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Hollywood is terrible at predicting the future
Movies  the future
Christopher Lloyd and Michael J. Fox in "Back to the Future." - photo by Deseret News archives

Yogi Berra once said that it’s tough to make predictions, especially about the future. That hasn’t stopped a slew of science-fiction movies and TV shows from trying though. And just as Yogi warned us, they don’t always get it right.
For instance, does anyone remember the "Eugenics Wars"?

They were the product of a bunch of genetically altered supermen led by Khan Noonien Singh that took over the world before being cryogenically frozen and blasted into deep space on a ship called the S.S. Botany Bay.

According to a 1966 episode of the original “Star Trek” TV series, all of this happened prior to 1996. We might have forgotten about that if Ricardo Montalban hadn’t mentioned it again in “Star Trek II: The Wrath of Khan.” Of course, that movie came out in 1982, so it still allowed 14 years for these genetically altered supermen to get their act together.

But alas, 1996 came and went with no sign of Khan and his minions, let alone the technology to freeze people and exile them off the planet. When J.J. Abrams brought Khan back in last year’s “Star Trek Into Darkness," he blithely glossed over Khan’s improbable 20th century origins. It seems nobody wants to admit they made a mistake.

Or consider “Back to the Future II.” Released in 1989, that movie followed a time-travelling Marty McFly to a fictional October 2015 where cars fly, skateboards hover and lawyers are abolished. Here in the real world, we’re less than a year and a half away from Marty’s scheduled arrival, yet there’s no sign of flying cars and there are more lawyers than ever. And while there have been several recent attempts to produce an actual hoverboard like the one seen in the film, it seems unlikely that a working prototype will be produced prior to the 2015 deadline.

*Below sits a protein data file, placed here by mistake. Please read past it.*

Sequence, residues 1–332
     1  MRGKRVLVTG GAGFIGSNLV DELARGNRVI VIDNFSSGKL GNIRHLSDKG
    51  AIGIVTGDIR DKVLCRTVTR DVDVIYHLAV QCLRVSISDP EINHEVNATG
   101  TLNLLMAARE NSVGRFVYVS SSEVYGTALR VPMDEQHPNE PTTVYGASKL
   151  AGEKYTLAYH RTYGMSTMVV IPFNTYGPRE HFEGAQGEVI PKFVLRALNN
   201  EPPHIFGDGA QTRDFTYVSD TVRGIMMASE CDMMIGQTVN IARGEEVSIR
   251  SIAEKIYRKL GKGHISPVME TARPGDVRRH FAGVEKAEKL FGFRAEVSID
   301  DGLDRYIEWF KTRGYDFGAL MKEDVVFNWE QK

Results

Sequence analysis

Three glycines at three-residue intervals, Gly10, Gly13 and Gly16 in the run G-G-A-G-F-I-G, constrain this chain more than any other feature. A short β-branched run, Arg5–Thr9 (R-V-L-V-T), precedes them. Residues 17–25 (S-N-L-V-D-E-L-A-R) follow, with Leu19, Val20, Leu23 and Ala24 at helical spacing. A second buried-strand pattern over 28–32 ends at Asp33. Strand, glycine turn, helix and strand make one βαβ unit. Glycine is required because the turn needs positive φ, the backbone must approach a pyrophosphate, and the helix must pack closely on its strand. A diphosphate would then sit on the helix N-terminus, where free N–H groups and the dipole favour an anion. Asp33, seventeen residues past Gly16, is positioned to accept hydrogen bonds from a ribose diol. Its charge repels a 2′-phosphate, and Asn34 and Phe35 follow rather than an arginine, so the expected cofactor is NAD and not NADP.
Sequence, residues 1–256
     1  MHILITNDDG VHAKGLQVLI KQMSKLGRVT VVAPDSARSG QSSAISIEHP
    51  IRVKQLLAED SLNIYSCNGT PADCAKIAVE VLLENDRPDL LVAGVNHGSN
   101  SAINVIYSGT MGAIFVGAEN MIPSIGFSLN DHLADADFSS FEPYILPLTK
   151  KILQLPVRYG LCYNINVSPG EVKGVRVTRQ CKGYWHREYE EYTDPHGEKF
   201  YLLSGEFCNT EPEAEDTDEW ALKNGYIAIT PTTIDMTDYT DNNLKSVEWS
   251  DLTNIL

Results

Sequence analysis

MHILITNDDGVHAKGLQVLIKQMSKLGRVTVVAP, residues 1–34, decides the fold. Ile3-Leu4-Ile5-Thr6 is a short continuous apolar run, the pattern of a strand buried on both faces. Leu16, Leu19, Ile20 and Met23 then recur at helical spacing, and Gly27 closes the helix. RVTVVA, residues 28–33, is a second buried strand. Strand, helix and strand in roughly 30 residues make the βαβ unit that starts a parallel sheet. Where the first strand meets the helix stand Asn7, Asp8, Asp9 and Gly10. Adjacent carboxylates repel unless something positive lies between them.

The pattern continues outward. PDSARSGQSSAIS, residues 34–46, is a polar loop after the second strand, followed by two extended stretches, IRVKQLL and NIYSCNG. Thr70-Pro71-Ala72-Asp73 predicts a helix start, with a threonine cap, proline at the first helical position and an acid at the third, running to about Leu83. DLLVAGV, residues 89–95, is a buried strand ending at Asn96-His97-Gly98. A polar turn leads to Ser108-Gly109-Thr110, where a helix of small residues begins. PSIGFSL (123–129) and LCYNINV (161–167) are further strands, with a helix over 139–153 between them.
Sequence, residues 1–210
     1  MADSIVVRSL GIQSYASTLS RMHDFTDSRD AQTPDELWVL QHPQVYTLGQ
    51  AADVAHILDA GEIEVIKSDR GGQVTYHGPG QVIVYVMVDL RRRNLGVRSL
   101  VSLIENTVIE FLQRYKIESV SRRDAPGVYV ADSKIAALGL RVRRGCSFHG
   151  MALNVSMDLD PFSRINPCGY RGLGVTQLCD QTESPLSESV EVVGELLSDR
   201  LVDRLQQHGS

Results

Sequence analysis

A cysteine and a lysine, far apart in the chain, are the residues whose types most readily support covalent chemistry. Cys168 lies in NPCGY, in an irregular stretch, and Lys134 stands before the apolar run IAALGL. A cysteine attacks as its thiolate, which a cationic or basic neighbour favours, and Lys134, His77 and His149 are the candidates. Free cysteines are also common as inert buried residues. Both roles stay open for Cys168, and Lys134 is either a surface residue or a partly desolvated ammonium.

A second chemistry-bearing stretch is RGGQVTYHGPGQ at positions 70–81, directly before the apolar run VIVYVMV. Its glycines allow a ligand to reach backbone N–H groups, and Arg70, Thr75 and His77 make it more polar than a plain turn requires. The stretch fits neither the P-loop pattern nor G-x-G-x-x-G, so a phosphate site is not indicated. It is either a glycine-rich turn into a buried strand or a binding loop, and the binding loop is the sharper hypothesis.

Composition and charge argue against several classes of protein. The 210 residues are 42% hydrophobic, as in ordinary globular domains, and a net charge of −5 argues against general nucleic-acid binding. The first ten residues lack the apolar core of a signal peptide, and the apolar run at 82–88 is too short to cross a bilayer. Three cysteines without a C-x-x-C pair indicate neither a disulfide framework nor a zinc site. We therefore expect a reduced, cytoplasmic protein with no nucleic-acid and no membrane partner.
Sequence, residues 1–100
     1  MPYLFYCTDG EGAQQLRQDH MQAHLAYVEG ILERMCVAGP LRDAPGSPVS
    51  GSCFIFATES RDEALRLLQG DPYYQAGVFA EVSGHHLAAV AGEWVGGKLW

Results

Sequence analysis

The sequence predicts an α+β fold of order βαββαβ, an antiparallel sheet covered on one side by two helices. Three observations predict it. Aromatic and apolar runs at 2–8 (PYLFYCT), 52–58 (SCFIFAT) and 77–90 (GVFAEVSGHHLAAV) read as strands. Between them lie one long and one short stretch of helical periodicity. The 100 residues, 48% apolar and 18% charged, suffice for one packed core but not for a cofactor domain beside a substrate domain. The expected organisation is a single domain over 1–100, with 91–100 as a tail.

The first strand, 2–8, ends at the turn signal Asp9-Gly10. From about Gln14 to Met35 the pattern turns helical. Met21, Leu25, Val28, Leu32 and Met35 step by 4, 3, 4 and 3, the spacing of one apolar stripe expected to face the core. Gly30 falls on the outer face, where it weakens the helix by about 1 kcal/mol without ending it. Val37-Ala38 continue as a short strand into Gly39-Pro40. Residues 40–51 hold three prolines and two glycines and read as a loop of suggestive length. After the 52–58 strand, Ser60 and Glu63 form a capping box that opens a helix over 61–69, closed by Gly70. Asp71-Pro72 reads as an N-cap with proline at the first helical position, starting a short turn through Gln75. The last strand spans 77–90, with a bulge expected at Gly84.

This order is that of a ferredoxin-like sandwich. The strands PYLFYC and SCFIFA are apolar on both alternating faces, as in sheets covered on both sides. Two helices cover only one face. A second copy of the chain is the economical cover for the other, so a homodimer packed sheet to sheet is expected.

So what does Hollywood do when confronted with its record of bad predictions? It keeps making more of them.

This year alone, filmed forecasts are thick on the ground. “Divergent,” a story of a future Chicago where an oppressive government herds people into groups and hunts down individualists, came out in March. Now in theaters, “Edge of Tomorrow” gives us Tom Cruise battling alien invaders who arrive within the next decade or so. And “Dawn of the Planet of the Apes” will be released next month to tell the story of how the earth will soon come to be ruled by chimpanzees. Maybe simian domination really is just a few years away, but I’m not holding my breath.

In all seriousness, I recognize how foolish it is to expect any of these scenarios to come true. “Star Trek” and “Planet of the Apes” aren’t documentaries, and there’s no shame in telling a compelling fictional story that imagines a world that doesn’t line up with the real one. What’s interesting to me, however, is that almost all of the Hollywood guesses that missed the mark predicted a future that was considerably worse than the one that arrived.

The world has seen several brutal wars since 1996, but nothing on the scale of what Khan was supposed to have wrought. Mel Gibson’s “Mad Max” movies predicted a nuclear war a few years after 1979, but we’re still waiting for the real apocalypse over 30 years later. It’s also been three decades since “1984,” but George Orwell’s totalitarian nightmare hasn’t come to pass, either.
This is a good thing, and it provides fuel for optimism. After all, if movies have been this spectacularly wrong about how bad things will be, then we have every reason to expect the future to be better than anyone could imagine.

I’d still like a flying car, though.

Jim Bennett is a recovering actor, theater producer and politico, and he writes about pop culture and politics at his blog,